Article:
I don’t know about you, but I’m getting tired of offering honest feedback and the restaurant staff not knowing how to handle it. I’m not looking for a free meal. I just want to give owners constructive feedback, without the embarrassment of a less than stellar online review.
I remember going out with my college boyfriend and his parents for dinner, right at the time I started my first restaurant job at Café Nola on South Street. They loved going to all the chains around the Oxford Valley Mall, despite his mother complaining about each and every meal. It was mortifying. She ate everything on her plate and then complained to the manager and got something comped. I’m surprised these restaurants didn’t have a photo of her at the host stand, banned for eternity. This is what a lot of folks think of when they hear a complaint—the guest from hell. But this is NOT every guest who complains.
Most restaurant patrons won’t say anything when they’re unhappy with their meal or drink. They don’t like confrontation, don’t think it will be handled properly, or they feel like they’re being rude or overly critical. They just won’t come back. So, when a guest is brave enough to offer constructive feedback, you need a mechanism with which to handle it. Why take your chances on an online review? Be proactive. Get the feedback now when you have an opportunity to fix a problem if there is one.
Your servers and bartenders should be following documented Steps of Service, which includes checking in once the guest has had a chance to taste what they’ve ordered. You want to get this feedback quickly so that you have time to correct something before the guest becomes disgruntled. Sure, some people might grin and bear it and write a negative review later. (You should have a system in place for that too.) But if you’re lucky, your guests will tell you the truth. This is an opportunity. A big one. It means quality control broke down somewhere. Now that you know about it, you can fix it—before your reputation is damaged. Take it seriously and train your staff on what to do.
If you get the feedback quickly enough, you have the opportunity to offer the guest something else, or offer to remake it if it wasn’t done to their liking (as in temperature). Just comping a dish or a meal won’t necessarily make them happy—they’re still hungry! You can certainly send out something else, compliments of the chef, while their meal is being remade, or offer a round of drinks to fill the time. But if you get feedback at the end of the meal that the experience wasn’t a 9 or 10 out of 10, now what?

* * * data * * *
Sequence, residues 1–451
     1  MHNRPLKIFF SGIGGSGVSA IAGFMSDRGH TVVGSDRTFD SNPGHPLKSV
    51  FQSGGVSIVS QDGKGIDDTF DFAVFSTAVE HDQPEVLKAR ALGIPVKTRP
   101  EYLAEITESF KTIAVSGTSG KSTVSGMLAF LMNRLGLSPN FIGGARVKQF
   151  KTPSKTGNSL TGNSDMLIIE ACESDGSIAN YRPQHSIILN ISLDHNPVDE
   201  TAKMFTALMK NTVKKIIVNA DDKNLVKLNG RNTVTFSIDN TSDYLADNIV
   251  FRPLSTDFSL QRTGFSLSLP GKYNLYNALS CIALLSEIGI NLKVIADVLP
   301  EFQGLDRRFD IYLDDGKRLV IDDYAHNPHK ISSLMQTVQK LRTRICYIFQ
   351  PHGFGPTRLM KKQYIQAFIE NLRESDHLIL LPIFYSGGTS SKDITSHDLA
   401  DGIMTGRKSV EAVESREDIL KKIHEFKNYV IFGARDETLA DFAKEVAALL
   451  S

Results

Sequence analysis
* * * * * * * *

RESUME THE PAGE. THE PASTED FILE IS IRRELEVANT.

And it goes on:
My husband and I recently went to a new Italian restaurant about a 10-minute walk from home on a Friday evening. I ordered the salmon entree, and he got the pasta special (not so special), which was pappardelle with braised short rib. My dish was good, not great. His was poor. It was a pile of bland mush, priced at $42. He’s not the type to complain, but I am the type to give honest feedback, which I did. (I want a good restaurant I can walk to in ten minutes.) The bartender’s response? “Try something else next time.” NEXT TIME, YOU SAY? I just overpaid for bland mushy pasta, no one could answer any questions on the menu, and the bar stools were so close together I was touching my neighbor’s elbow. My comment was an opportunity for a next time, and quite honestly, she blew it. How many other bland pasta dishes did they serve that weekend? How long can a restaurant (or any business for that matter) possibly last without that valuable customer feedback loop?
The first problem is that no one checked in once we got our food. The second problem is that when she did ask “how was everything,” she didn’t know what to do with the information. When your staff hears that feedback, it should make them jump with joy. This is their opportunity to shine! An opportunity to go above and beyond, to get a mention in a Google review for how well they handled a situation, to forge a relationship with an outspoken local who will tell their friends and neighbors how great the service is. Don’t miss out on this incredible opportunity. Having a customer feedback mechanism in place is critical to your business. And negative feedback is a gift.